Accessibility app wins Novartis multiple sclerosis innovation prize
Canadian start-up AccessNow has won first prize in a Novartis competition to find technological ways to help people with multiple sclerosis lead independent lives.
The Toronto-based company claims the inaugural award of $250,000 for its mobile app, which compiles information about how accessible buildings and other locations are to people with disabilities.
Users of the AccessNow app – which is available for Apple and Google devices – can upload information to an interactive map, which features a traffic light system – green for accessible, amber for partially accessible, and red for locations without access.
According to the company’s website, more than 26,000 restaurants, stores, hotels and more have been pinned by users in 34 countries around the world.
Maayan Ziv, founder and chief executive of AccessNow who is living with muscular dystrophy and has used a wheelchair from childhood, says receiving the Novartis prize was “such as honour”, adding: “Accessibility is a critical component of establishing a welcoming and barrier-free world for people with disabilities, including those living with MS.”
The idea behind the launch of AccessNow in 2014 grew out of frustration about not being able to tell if a location was accessible in advance, and recognition that many people with disabilities rely on a “mental map” of places to help them with their daily activities.
“We have come a long way, but we have so much more to do to achieve equity and inclusion,” says Ziv. “At AccessNow we believe technology plays an integral role in achieving this vision and we are so excited for the next step in our journey.”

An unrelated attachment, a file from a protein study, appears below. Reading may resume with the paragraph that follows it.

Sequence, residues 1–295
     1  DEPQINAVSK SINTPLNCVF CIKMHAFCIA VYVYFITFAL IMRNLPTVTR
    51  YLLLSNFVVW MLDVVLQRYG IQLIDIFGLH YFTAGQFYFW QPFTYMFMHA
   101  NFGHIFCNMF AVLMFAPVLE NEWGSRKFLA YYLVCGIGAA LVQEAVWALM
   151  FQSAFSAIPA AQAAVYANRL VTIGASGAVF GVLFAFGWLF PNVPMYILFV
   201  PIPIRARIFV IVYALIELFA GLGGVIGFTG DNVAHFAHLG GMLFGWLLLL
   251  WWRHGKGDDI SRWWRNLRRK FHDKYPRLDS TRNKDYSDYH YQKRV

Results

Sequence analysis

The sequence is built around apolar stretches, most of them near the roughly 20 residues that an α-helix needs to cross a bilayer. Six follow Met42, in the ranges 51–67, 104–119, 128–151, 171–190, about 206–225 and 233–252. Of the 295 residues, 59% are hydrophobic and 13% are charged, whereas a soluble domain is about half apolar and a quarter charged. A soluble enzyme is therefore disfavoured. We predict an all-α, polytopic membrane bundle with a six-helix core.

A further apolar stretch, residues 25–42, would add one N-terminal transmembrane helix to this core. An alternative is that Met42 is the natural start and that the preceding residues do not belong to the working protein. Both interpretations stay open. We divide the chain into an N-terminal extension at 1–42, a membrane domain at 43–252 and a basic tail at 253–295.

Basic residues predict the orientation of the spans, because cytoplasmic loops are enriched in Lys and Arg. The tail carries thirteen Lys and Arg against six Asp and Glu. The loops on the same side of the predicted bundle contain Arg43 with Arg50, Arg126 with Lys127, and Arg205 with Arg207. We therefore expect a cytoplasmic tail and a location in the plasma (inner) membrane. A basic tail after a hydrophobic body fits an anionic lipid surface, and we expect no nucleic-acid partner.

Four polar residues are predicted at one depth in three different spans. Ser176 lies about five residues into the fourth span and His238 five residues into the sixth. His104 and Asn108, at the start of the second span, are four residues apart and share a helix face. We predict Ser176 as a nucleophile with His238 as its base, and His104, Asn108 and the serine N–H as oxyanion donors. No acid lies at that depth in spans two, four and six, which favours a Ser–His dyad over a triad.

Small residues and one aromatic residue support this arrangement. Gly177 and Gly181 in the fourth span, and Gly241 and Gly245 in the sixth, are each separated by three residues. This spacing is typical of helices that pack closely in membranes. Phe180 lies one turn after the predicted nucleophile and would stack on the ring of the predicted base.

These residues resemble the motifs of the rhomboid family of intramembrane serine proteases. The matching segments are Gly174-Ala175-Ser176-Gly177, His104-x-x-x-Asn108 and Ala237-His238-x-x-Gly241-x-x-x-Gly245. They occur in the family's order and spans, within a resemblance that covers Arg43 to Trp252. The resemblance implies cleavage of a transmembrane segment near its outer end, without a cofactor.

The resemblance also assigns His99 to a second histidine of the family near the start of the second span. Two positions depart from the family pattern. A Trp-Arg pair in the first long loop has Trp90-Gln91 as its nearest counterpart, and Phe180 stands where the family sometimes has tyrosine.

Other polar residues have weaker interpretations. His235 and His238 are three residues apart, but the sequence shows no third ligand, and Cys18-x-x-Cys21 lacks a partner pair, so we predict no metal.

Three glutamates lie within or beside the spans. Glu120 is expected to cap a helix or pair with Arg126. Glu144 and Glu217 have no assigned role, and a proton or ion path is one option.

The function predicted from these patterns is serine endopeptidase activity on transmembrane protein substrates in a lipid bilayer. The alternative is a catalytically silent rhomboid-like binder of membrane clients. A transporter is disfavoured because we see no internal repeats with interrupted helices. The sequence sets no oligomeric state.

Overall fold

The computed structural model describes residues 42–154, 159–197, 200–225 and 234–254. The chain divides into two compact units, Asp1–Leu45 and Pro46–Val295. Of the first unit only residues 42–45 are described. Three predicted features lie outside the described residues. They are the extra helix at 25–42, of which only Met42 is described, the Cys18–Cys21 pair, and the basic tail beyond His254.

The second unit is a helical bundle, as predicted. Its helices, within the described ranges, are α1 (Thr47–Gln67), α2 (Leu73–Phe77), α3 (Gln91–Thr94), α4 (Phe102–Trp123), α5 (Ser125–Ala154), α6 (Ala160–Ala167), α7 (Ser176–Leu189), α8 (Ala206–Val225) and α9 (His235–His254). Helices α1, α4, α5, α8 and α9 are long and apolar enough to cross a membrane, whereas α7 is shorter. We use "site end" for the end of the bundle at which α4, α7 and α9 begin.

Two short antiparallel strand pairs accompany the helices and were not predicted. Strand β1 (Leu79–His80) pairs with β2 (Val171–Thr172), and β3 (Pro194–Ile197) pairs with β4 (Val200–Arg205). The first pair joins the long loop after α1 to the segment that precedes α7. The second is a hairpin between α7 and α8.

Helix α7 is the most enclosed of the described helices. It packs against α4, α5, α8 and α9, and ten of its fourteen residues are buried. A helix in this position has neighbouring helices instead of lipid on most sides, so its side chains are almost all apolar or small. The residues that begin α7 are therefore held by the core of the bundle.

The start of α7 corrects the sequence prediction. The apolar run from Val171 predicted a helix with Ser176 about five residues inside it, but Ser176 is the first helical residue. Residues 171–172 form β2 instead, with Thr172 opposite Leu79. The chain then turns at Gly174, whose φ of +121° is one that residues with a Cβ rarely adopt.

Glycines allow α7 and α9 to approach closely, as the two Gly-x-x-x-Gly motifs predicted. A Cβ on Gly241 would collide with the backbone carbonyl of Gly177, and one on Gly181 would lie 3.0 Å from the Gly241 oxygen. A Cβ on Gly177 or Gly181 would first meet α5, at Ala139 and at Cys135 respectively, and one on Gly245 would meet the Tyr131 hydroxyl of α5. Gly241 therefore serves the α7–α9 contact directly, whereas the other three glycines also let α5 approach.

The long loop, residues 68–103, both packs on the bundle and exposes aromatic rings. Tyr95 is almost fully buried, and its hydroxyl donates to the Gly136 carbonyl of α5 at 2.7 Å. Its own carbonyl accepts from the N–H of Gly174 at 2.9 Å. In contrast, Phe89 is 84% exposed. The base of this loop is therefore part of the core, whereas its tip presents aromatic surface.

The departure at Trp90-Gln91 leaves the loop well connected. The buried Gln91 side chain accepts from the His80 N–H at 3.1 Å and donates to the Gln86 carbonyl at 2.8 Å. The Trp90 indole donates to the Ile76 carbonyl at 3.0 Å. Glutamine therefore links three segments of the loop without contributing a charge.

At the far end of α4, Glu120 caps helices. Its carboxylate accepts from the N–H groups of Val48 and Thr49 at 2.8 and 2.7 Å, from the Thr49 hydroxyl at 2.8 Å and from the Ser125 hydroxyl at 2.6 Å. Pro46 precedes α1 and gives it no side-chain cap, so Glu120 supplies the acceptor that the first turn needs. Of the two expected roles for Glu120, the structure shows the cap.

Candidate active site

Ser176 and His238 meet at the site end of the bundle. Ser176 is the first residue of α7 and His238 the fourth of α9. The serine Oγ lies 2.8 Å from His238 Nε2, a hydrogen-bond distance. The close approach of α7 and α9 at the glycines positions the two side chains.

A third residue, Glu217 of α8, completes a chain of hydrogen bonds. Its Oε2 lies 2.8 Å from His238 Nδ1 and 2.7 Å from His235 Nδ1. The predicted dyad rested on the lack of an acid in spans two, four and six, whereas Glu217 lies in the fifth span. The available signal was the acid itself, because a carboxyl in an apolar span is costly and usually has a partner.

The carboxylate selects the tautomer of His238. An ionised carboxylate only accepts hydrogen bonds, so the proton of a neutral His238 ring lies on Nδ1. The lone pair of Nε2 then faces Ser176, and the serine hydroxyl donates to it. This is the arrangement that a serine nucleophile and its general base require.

The runner-up in the competition is an intelligent plug-and-play robot and app for people with neurological diseases – called Polly – which claims a $50,000 prize.
Developed by US start-up Fly Parrots, Polly “empowers people with mobility and communication challenges to be more connected with the world around them through features like safe navigation, 360-computer vision, smart home connectivity and more,” according to Novartis.
Mobility issues are often the first significant symptoms of MS and can have a profound impact on mental wellbeing and general quality of daily life for people living with MS, says the company.
Novartis adds that supporting these innovations is part of its strategy of going “beyond-the-pill” in MS. The company sells oral MS therapy Mayzent (siponimod) and is also waiting for a regulatory verdict on injectable drug ofatumumab.
The prize is also supported by actress Selma Blair who was diagnosed with MS in 2018 and has become a prominent advocate for people living with the disease and underwent intensive chemotherapy and a stem cell transplant last year.
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